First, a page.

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**Learning Algorithm Evaluation**

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**Algorithm evaluation: Outline**

Why? Overfitting How? Train/Test vs Cross-validation What? Evaluation measures Who wins? Statistical significance

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Introduction

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Introduction A model should perform well on unseen data drawn from the same distribution

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**Classification accuracy**

performance measure Success: instance’s class is predicted correctly Error: instance’s class is predicted incorrectly Error rate: #errors/#instances Accuracy: #successes/#instances Quiz 50 examples, 10 classified incorrectly Accuracy? Error rate?

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Evaluation Rule #1 Never evaluate on training data!

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Train and Test Step 1: Randomly split data into training and test set (e.g. 2/3-1/3) a.k.a. holdout set

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Train and Test Step 2: Train model on training data

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Train and Test Step 3: Evaluate model on test data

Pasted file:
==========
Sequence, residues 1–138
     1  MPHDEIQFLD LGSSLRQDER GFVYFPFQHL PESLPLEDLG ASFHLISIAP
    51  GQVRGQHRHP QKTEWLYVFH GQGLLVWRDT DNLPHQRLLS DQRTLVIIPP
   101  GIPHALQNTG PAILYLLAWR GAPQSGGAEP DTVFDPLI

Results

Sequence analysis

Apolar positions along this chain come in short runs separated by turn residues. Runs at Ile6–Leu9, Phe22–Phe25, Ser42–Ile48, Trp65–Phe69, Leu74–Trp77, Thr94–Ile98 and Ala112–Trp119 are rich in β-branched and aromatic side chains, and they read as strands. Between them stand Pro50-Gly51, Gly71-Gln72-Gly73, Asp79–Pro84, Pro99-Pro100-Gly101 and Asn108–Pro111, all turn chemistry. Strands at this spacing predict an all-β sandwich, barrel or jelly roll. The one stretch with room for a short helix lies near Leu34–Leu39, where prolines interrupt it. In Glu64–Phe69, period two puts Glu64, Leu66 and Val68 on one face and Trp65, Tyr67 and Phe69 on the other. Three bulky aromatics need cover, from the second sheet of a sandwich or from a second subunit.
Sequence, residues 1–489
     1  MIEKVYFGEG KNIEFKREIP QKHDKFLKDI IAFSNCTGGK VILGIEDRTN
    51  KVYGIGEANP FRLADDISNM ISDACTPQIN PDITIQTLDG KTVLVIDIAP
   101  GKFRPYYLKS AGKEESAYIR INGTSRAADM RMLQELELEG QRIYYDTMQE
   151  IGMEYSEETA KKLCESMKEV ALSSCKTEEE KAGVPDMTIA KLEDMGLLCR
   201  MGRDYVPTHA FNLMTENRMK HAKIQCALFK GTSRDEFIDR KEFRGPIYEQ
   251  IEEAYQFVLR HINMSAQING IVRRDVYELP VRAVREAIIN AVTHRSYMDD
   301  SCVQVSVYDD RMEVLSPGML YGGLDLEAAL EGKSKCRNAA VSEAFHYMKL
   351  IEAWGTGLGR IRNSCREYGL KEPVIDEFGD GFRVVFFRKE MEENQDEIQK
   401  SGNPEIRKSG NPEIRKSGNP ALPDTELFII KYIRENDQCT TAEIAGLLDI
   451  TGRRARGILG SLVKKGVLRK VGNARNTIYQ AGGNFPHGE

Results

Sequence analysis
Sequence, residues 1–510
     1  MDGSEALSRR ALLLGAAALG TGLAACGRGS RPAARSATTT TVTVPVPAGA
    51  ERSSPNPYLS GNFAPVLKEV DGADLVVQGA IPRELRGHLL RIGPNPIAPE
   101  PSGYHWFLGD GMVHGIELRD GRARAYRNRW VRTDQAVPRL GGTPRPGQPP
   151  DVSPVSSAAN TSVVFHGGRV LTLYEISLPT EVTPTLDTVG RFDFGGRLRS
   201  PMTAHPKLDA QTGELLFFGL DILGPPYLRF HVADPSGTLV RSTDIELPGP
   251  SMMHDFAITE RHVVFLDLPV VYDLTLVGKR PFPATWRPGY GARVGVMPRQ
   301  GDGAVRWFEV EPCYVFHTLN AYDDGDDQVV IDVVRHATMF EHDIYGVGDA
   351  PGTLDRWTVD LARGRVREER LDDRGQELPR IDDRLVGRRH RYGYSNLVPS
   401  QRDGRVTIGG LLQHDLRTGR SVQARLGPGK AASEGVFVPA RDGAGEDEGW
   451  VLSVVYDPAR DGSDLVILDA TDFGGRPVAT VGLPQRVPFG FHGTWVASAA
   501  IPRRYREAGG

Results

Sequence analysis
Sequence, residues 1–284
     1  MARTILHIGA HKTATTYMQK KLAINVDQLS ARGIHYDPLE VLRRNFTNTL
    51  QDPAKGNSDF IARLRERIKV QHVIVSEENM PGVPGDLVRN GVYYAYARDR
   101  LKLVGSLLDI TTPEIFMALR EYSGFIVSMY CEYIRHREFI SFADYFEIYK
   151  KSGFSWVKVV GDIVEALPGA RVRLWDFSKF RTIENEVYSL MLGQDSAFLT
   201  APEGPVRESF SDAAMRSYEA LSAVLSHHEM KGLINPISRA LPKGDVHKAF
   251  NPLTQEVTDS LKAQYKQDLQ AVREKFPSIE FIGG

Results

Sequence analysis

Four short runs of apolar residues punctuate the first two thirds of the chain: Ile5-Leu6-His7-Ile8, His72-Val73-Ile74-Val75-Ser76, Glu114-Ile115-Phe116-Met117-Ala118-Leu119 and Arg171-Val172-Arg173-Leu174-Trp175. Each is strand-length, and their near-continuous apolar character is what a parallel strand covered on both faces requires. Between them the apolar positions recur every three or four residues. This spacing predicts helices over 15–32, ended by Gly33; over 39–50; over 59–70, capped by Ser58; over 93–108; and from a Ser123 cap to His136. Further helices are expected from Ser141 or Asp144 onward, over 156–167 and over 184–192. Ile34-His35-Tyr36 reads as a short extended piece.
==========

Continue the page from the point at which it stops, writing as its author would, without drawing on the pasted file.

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Train and Test Quiz: Can I retry with other parameter settings?

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**Evaluation Rule #1 Rule #2 Never evaluate on training data!**

Never train on test data! (that includes parameter setting or feature selection)

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**Train and Test Step 4: Optimize parameters on separate validation set**

testing

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**Test data leakage Never use test data to create the classifier**

Can be tricky: e.g. social network Proper procedure uses three sets training set: train models validation set: optimize algorithm parameters test set: evaluate final model

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**Making the most of the data**

Once evaluation is complete, all the data can be used to build the final classifier Trade-off: performance evaluation accuracy More training data, better model (but returns diminish) More test data, more accurate error estimate

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Train and Test Step 5: Build final model on ALL data (more data, better model)

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Cross-Validation